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Whimsical history entertains well

Whimsical history entertains well

Posted: Thursday, August 14, 2008 11:25 pm
By: Larry McGehee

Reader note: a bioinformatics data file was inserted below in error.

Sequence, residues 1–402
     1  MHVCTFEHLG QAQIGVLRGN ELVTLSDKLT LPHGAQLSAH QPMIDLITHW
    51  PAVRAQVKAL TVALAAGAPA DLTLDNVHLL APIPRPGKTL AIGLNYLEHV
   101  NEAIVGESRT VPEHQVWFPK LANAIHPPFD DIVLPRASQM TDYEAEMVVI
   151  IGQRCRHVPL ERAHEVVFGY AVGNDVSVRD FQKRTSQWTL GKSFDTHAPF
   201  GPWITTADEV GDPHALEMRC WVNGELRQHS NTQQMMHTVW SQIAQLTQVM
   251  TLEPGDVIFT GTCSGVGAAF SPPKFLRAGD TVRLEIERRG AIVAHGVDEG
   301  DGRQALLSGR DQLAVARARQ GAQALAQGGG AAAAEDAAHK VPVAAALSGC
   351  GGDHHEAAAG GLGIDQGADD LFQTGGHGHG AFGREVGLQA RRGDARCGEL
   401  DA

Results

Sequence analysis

One of the delights of history is that it brims with marvelous ironies. I have remarked before how well acquainted and inter-related Civil War leaders were. Many had been West Point classmates, some had married into one another’s families or been groomsmen at each other’s weddings, and many had served together on frontier posts or in Mexico. In some cases, including Lincoln’s wife’s family, brothers and fathers wound up on opposing sides. The Washington College president’s home into which Robert E. Lee moved after the War had earlier been the home of President Junkin, a Presbyterian divine. For a while, Thomas Jackson (later to be called Stonewall), a professor down the lane at VMI, lived there after marrying Junkin’s daughter. When she died soon after the marriage, he stayed on until he courted and wed the daughter of another educator, President Morrison of Davidson College. Miss Morrison’s sister was already married to Jackson’s close friend and fellow West Pointer, D. H. Hill. Hill is buried very near Davidson, and Jackson is buried a few blocks from Washington & Lee, while Lee is buried in the campus chapel itself. The University of Alabama and Transylvania College have the same Crimson and White school colors as Harvard. If one examines the archives in the libraries of those three campuses one finds student conduct codes very similar in wording. Harvard (founded 1636) graduate Alva Woods served as president of Transylvania (founded 1780) in Kentucky and then moved on to become an early president of the University of Alabama (founded 1838), taking colors and conduct codes with him. The tune and lyrics of the Alma Maters at Wofford College, Birmingham? Southern College, and Vanderbilt are virtually the same, and the three also share Old Gold and Black school colors. Before the Civil War, President William Wightman, the first president of Wofford in South Carolina, became president of the newly merged and moved Birmingham-Southern in Alabama, and took the song and colors with him. Vanderbilt, coming on the scene some years later, had a couple of leading professors, plus the famous Chancellor Kirkland, with Wofford teaching and alumni ties, who apparently planted the song and colors in Nashville. A similar tie between Wofford and Emory University needs exploring. Stumbling across trivia makes reading history an adventure. Author Truman Capote lived briefly near author Harper Lee in Alabama when both were children, and the neighboring little boy in To Kill a Mockingbird is based on Capote. Mississippi’s author-critic Stark Young’s home in Oxford is almost within sight of William Faulkner’s Rowan Oak home, and there was a time when Young was the better-known and better-appreciated of the two. Sam Houston, instead of having Tennessee and Texas careers independent of Andy Jackson, was in fact a protege, so much so that when the U. S. House of Representatives was trying Houston for having caned a congressman, Houston lived in the White House with Jackson. Senator Strom Thurmond, a staunch conservative Republican, set a record for filibustering for 24 hours and 28 minutes in 1957. Some 14 hours into the speech Senator Paul Douglas, a very liberal Democrat from Illinois, brought Thurmond a pitcher of orange juice and poured a glass for him. Somehow that bipartisan picture brings to mind the inauguration of John F. Kennedy, when President Eisenhower held Kennedy’s hat for him as he took the oath. Historical irony is a wonderful thing. When Grant moved into Richmond after the Confederacy evacuated it, he slept in a bed in which Lee was said to have slept the night before. (But the innkeeper lied to Grant; Lee had been elsewhere.) When Mrs. Lincoln learned that her husband had gone without her to Richmond after its fall, she commandeered the River Queen and went on her own, taking a party that included abolitionist Charles Sumner, the congressman who had been caned nine years earlier by South Carolina’s Preston Brooks. Sumner slipped the ivory gavel of the Confederate Congress into his pocket and made off with it. According to one account, the surrender table used by Lee and Grant at Appomatox was bought by General Sheridan and presented as a gift to General George A. Custer’s wife. However, another account says there were two tables, one for each general, and that General Ord bought Lee’s for forty dollars and Sheridan bought Grant’s for twenty, but the owner, Wilbur McLean (who had moved to Appomatox after a shell smashed into his former home at Bull Run) threw the money on the floor and refused to sell anything. Everything disappeared anyway. Lincoln being shot on Good Friday, dying in a tailor’s house and being succeeded by a Tennessee tailor, two southern Presidents Johnson coming to office through assassinations–the ironies go on and on. Irony breathes life into history. Larry McGehee, professor-emeritus at Wofford College, may be reached by e-mail at mcgeheelt@wofford.edu Published in The Messenger 8.14.08

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